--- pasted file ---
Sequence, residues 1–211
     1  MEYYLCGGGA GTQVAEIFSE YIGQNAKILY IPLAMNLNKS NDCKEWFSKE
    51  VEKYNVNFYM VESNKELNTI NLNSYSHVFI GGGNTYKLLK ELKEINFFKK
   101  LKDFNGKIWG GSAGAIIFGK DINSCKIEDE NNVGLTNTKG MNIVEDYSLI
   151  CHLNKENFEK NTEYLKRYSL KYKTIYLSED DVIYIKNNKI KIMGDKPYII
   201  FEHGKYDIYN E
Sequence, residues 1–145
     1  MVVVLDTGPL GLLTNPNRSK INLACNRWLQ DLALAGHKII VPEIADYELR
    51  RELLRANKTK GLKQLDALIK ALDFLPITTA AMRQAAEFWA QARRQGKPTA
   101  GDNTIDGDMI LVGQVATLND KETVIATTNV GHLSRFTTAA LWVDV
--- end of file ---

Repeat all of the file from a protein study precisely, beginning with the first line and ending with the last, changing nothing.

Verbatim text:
Sequence, residues 1–211
     1  MEYYLCGGGA GTQVAEIFSE YIGQNAKILY IPLAMNLNKS NDCKEWFSKE
    51  VEKYNVNFYM VESNKELNTI NLNSYSHVFI GGGNTYKLLK ELKEINFFKK
   101  LKDFNGKIWG GSAGAIIFGK DINSCKIEDE NNVGLTNTKG MNIVEDYSLI
   151  CHLNKENFEK NTEYLKRYSL KYKTIYLSED DVIYIKNNKI KIMGDKPYII
   201  FEHGKYDIYN E
Sequence, residues 1–145
     1  MVVVLDTGPL GLLTNPNRSK INLACNRWLQ DLALAGHKII VPEIADYELR
    51  RELLRANKTK GLKQLDALIK ALDFLPITTA AMRQAAEFWA QARRQGKPTA
   101  GDNTIDGDMI LVGQVATLND KETVIATTNV GHLSRFTTAA LWVDV